While the computer-controlled home is probably still a few years off due to the cost and complexity of whole-house control systems, the machines are rapidly working their way from the home office into entertainment spaces. You'll be seeing a lot more about computers and entertainment in the months to come because big media companies are offering their hit programs over the Internet. Consumers are going to want to get those shows from their computer onto their TV set, and they are not going to do it by burning DVDs. The way to do this is to use a PC as a central media server throughout the home.

To date, media servers are found only in the most high-end, technologically advanced digital homes. They are still constrained by the bandwidth requirements of video, particularly high-definition video, and the copyright protection that is built into DVDs and programs that are available legally over the air, on cable or satellite, or on the Web. Wireless technology cannot handle HD video; nor can CAT 5 or CAT 6 when copy-protection protocols are taken into account. Even standard definition video is not at its best when transmitted over even a high-speed wireless network. Currently, there are three ways to go: fiber, coax, or DVI/HDMI cables over short runs.

Audio is another matter. Lennar Homes Southern California Division has built a program around Apple's 14-inch G4 iBook lap-top, which, as any user of Apple's OS X operating system will tell you, is a media machine that will not only play your music and movies, it will help you make them from scratch, should you be so inclined. Windows Media Center Edition notwithstanding, there's a reason moviemakers use Macs and accountants use PCs.

Bressi Ranch's Lennar Offerings at a Glance Lennar has developed what it calls the “WOW Factor” program at its Bressi Ranch development in Carlsbad, Calif., a master-planned community with 623 homes on 585 acres. There are eight neighborhoods, ranging in price from the high $600,000s to more than $900,000. Lennar uses the G4s, which it bought through a “business solutions guru” at the local Apple store, to create whole-house audio systems that link to Yamaha surround-sound receivers and speakers in several rooms that also serve as links to a community-wide Intranet. The laptops interface through an installed CAT 5/Coax wire network with any other IP-enabled digital device in the house. The laptop, an Apple Airport Extreme wireless network, Apple Airport Express modules, and the Apple iLife suite of software form the heart of the system.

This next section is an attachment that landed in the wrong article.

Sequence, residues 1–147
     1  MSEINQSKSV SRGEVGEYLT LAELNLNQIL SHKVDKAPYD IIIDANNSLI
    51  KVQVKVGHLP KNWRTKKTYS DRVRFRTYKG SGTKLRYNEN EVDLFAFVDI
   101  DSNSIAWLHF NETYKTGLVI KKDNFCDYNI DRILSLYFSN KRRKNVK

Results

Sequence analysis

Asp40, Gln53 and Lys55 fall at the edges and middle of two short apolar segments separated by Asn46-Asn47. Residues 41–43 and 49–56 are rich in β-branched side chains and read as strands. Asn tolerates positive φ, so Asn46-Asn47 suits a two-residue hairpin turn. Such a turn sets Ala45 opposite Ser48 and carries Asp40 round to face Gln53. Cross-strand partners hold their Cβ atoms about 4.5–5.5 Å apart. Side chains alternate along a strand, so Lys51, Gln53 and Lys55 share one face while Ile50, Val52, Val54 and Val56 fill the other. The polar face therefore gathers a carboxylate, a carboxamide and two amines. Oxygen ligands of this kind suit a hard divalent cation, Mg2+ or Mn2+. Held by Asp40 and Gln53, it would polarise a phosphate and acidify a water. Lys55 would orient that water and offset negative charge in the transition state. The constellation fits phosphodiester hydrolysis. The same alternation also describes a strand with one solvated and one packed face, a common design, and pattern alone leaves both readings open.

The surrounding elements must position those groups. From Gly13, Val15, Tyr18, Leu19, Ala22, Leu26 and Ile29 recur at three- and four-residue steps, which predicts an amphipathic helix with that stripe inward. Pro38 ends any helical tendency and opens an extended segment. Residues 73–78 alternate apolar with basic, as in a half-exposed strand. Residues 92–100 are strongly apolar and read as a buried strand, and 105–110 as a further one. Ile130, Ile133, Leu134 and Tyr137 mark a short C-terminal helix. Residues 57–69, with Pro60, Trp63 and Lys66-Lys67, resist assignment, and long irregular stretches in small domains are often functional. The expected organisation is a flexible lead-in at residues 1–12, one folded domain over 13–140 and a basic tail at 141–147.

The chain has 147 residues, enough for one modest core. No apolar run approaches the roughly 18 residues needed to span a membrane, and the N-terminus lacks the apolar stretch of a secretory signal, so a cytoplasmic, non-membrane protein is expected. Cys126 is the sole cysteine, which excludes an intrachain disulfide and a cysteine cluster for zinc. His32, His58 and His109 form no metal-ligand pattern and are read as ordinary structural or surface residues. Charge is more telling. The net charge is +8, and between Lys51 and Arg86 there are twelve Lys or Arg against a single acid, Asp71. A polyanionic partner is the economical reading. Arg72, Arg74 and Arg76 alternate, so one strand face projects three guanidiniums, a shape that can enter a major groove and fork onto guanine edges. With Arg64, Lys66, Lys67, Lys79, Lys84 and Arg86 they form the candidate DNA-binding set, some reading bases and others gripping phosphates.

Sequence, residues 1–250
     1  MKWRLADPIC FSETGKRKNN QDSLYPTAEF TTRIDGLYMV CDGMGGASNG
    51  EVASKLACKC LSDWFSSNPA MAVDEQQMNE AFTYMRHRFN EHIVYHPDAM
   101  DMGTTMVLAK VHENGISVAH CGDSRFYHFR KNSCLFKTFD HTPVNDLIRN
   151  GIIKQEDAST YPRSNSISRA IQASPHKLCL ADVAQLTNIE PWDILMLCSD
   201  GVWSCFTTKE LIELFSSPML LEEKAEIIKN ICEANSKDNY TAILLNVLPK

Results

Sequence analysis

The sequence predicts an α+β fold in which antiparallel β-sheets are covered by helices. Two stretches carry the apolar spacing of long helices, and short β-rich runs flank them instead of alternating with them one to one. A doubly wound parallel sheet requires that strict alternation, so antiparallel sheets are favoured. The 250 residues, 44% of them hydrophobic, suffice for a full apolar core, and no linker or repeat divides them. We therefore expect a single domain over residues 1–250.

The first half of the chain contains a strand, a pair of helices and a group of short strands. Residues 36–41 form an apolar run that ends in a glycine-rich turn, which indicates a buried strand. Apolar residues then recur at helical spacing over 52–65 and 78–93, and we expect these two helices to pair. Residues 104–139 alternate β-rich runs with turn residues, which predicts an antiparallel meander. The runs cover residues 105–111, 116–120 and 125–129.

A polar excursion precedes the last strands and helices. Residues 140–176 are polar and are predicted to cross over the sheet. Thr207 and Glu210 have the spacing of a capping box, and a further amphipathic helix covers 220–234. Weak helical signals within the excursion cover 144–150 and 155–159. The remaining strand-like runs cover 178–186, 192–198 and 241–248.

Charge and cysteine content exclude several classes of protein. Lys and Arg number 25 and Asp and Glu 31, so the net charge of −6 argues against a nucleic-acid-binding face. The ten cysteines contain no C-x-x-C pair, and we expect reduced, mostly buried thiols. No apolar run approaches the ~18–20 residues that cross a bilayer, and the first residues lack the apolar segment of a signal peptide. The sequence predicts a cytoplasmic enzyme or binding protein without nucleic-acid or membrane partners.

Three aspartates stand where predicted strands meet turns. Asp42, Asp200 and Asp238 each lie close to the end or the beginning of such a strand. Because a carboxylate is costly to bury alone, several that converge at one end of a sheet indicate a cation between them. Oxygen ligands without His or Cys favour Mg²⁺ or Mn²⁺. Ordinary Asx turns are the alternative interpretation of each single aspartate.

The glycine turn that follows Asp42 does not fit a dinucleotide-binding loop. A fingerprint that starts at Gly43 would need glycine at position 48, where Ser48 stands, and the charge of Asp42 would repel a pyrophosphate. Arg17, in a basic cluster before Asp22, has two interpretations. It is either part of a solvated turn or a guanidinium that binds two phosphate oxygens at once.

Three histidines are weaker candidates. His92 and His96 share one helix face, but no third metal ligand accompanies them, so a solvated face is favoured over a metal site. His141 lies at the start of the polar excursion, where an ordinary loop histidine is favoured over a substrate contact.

From the laptop, music can be directed to any room in the house. The family room, dining room, and an outdoor entertainment space are all pre-wired with speakers (the family room is wired and fitted with speakers for surround sound). Other rooms can be added. The systems are standard in all homes in six of the eight neighborhoods (of the other two, one is income-restricted and another is being done with custom homes from Barratt American Homes). Coupled with Apple's iTunes Music Store, home buyers can pretty much buy any music they want (except for Led Zeppelin and the Beatles), organize it and play it all over the house without leaving the laptop.

A factor in making the decision to offer the G4-based program? “Lennar's regional vice president, Mike Levesque enjoyed using his Apple computer at home,” said Lennar Division president Jennifer Bonasia.

Apple has introduced its new MacBook laptop, which runs on an Intel Dual Core processor that is reported by impartial reviewers to be twice as fast as the G4. And it will run Windows. For any builder interested in a flexible wireless way to port audio around a house, this setup might be of interest.